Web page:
In Parallel

There’s a type of love I found,
It’s the love that shouldn’t have been,
But was
Is

And there springs an alternate timeline
Another universe side by side with your own
Fabric
Torn

And so like the ghost that only you see
Hidden to others, nobody believes you
Haunted
There

A companion always in your periphery
Nothing wrong with dependable
Silent
Grave

Reality split, worlds in restless conflict
To go back to one, loss is too great
Courage
Fear

And so I resign myself to gratitude
For love that shouldn’t have been
Struggle
Life

Under Pressure

I’ve been away from blogging for a little while as work became quite busy and stressful as I was given a project that normally would take several months to prepare for and was given two and half weeks.  I’m not complaining though, I am still very fortunate to have the job that I do, and in the end it was a very rewarding outcome.  I had to organize a Science Olympiad tournament for 40 regional high schools and middle schools and it ended up going very well.  I didn’t actually have to do this task, but if I didn’t a lot of kids would have been hurt, and a lot of teachers very angry and so it really wasn’t something that I took any time to consider, I just knew it had to be done, and I did it because it was the right thing to do.

It got me thinking a lot about stress on how much it affects our behavior.  It cost me my spring break and I was bitter about that.  In that time I was also certainly less attentive to others in my life.  I was more moody, snapped a little more than I probably should have at people that I care about and had a lot of trouble sleeping.  The guilt of snapping at people at being less attentive to others, and lack of sleep are positive feedbacks which worsen your condition.  I am fortunate that it was only a rough few weeks.  I am fortunate to even have a spring break. I am fortunate that even though the semester still has lots of work left in it, there will be summer holidays starting in early May.  There are people who face what I face, every single day of the year, with additional stresses associated with finances that I do not face.  When I reflect on how irrational I might be in times of stress I think about the cumulative effect such things must have some people.  How hard they might struggle to find a way out, who they might time to blame their stress on, and wonder what things they might rely on to find peace.  It makes a lot of irrationality in the world understandable.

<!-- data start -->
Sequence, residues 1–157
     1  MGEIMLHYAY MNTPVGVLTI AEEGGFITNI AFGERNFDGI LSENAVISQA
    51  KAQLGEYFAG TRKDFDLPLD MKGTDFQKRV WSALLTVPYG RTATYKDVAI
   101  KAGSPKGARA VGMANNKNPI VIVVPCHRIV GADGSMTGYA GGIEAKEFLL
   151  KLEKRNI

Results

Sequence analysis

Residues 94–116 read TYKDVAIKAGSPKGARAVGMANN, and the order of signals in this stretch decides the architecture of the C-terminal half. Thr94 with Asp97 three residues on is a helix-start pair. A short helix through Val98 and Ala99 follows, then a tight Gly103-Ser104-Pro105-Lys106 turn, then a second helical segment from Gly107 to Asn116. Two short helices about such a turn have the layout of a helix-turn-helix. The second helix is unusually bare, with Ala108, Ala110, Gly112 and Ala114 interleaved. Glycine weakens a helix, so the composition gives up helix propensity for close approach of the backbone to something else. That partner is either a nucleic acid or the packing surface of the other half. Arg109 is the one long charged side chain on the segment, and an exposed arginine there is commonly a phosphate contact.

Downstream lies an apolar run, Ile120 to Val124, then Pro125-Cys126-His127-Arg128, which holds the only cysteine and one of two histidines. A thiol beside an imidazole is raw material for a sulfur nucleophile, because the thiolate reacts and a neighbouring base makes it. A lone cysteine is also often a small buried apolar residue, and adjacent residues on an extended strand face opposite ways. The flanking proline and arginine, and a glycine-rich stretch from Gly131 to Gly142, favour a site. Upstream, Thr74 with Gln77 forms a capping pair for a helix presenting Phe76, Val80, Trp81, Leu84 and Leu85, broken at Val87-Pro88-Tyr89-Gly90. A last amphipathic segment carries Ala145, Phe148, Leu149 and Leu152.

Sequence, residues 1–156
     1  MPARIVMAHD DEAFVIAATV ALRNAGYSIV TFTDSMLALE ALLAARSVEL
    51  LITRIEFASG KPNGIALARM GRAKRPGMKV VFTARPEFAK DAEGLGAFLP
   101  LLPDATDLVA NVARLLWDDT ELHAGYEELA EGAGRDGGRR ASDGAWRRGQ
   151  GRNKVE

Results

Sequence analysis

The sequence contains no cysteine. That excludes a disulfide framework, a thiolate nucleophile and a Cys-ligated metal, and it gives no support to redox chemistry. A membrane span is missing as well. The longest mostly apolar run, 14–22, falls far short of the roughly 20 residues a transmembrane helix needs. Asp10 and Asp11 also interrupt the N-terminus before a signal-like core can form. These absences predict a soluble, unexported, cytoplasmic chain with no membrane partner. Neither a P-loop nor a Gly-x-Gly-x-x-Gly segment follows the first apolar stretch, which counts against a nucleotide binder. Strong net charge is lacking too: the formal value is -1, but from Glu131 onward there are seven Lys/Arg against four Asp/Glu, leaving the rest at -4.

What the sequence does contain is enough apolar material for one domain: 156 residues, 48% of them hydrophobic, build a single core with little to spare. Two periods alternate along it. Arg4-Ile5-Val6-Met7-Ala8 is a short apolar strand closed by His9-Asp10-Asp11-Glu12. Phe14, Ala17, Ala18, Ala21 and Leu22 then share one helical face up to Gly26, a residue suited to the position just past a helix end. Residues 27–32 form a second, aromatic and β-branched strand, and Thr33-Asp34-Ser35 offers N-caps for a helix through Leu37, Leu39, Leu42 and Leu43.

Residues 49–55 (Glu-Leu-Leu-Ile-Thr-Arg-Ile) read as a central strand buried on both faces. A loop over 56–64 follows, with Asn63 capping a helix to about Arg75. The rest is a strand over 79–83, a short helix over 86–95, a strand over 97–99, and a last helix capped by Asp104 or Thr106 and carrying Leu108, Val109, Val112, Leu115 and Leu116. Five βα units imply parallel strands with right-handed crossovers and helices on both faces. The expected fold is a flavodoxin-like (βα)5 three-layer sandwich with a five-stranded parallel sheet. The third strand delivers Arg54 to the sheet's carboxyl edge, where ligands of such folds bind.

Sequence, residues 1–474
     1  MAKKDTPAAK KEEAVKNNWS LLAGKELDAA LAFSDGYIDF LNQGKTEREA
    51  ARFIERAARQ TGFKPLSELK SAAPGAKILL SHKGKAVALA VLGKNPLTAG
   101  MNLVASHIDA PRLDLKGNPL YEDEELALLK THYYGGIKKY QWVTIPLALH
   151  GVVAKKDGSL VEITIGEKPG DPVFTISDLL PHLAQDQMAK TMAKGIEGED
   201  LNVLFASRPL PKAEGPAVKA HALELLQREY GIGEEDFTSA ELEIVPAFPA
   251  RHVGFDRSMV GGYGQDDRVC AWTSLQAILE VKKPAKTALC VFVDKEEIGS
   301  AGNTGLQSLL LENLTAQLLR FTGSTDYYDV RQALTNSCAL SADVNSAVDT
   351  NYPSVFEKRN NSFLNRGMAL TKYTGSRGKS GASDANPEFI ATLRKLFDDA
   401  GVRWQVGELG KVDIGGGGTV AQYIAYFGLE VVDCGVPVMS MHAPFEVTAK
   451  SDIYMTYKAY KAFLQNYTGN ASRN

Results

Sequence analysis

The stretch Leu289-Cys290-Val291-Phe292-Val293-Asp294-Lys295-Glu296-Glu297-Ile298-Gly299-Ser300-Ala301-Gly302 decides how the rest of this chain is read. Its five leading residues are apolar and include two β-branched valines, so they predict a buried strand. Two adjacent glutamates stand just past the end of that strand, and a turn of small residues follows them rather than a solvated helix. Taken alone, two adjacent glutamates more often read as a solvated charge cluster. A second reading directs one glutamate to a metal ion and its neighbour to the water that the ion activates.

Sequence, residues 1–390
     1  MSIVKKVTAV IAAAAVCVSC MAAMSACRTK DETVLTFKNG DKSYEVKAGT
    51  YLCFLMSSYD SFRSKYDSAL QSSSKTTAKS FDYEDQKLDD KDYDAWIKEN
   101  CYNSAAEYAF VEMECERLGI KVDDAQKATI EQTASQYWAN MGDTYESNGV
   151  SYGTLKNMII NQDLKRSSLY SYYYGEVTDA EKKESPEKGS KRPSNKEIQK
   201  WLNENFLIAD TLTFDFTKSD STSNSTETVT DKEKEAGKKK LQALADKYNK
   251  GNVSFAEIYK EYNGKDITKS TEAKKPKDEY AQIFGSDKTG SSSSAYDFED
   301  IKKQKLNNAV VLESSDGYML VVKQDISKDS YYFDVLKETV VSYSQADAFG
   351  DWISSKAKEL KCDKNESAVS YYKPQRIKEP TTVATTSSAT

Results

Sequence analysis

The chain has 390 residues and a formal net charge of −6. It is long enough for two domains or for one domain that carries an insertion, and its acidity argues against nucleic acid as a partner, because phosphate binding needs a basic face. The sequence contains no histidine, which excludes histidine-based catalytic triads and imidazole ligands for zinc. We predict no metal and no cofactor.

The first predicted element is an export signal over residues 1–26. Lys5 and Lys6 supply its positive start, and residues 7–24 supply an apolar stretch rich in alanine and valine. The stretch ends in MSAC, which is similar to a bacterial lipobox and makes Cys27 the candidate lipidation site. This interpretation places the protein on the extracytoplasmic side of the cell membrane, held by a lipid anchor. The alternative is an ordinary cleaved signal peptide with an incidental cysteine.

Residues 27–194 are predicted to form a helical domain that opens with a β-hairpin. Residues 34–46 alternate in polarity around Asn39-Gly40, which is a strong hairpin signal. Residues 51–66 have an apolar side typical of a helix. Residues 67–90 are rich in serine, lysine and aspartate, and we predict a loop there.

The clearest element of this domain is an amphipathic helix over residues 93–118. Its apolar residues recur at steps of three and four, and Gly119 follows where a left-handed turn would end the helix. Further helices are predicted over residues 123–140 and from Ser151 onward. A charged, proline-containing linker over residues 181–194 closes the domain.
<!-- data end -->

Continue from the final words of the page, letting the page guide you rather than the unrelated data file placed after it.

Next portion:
At the same time it makes you really question why it has to be that way.  We have the resources to feed everybody, we have the knowledge and ability to give good health care to everyone.  We know a lot about the universe and how to give people quality education, and we know the things that make people truly fulfilled and happy.  We know a lot about our own imperfections and biases so that we can avoid the pitfalls of our flaws.  We know better ways to correct deviant behavior, we know better ways to reduce the possibility of criminal and violent behavior, and we know better ways to raise.  We may not know everything, but we know better.  “Civilized” society seems so counter to how we operate as humans that somedays I really question whether or not it is all worth it.  Even though we might live longer on average than our hunter gatherer predecessors, and can avoid many of the deaths from natural disasters that our predecessors could not, sometimes I do wonder whether or not it was all worth it, and whether or not we shouldn’t all still be climbing trees to pick fruit.  And yeah maybe it would be sad to lose a few people to drought, or malaria, but so much death nowadays seems to be preventable and avoidable.  The destruction in Belgium and Turkey recently really makes one question whether all this is worth it.  Has any of this civilization experiment increased happiness?  Benefitted the home we call Earth?  Given our evolution as a species perhaps this trajectory was unavoidable, but it feels so much easier to accept deaths caused by the pitfalls of living in the wild over seeing death occur from senseless acts of violence that will never lead to any gain, or seeing children die from hunger while not very far away somebody sits on a fortune of money and resources they do not even need.

Alright, I know this is not very cheery and I am not helping much to increase human happiness either, but I think many people share these thoughts.  I of course do believe that this trajectory of civilization was to avoid human suffering and nobody really imagined the consequences we are facing now.  Maybe these are the growing pains we must go through.  I hope that our intelligence is great enough to get us out in the end.  Perhaps the real shame is that our lifetimes are still too short to be able to see the end result of all this suffering.  I wonder if a 13th century scholar who watched people die from plague after plague, and endless crusades and wars, could visit us now if he would actually be impressed with our moral progress.  Maybe what we have now is further than he or she ever dreamed.  Maybe they would remind me to consider myself lucky that I live in such times and that now that they have seen the change possible over the long march of time that there was every reason to continue to have hope and strive for more.  And if there is one thing that I know for sure is that nothing has ever been made better by despair.  And if I want a world in which people do not live in despair and have reason to be hopeful then I must lead by example, even if I only touch a handful of people in my world.  Who knows how far the ripples of our impact will travel through time.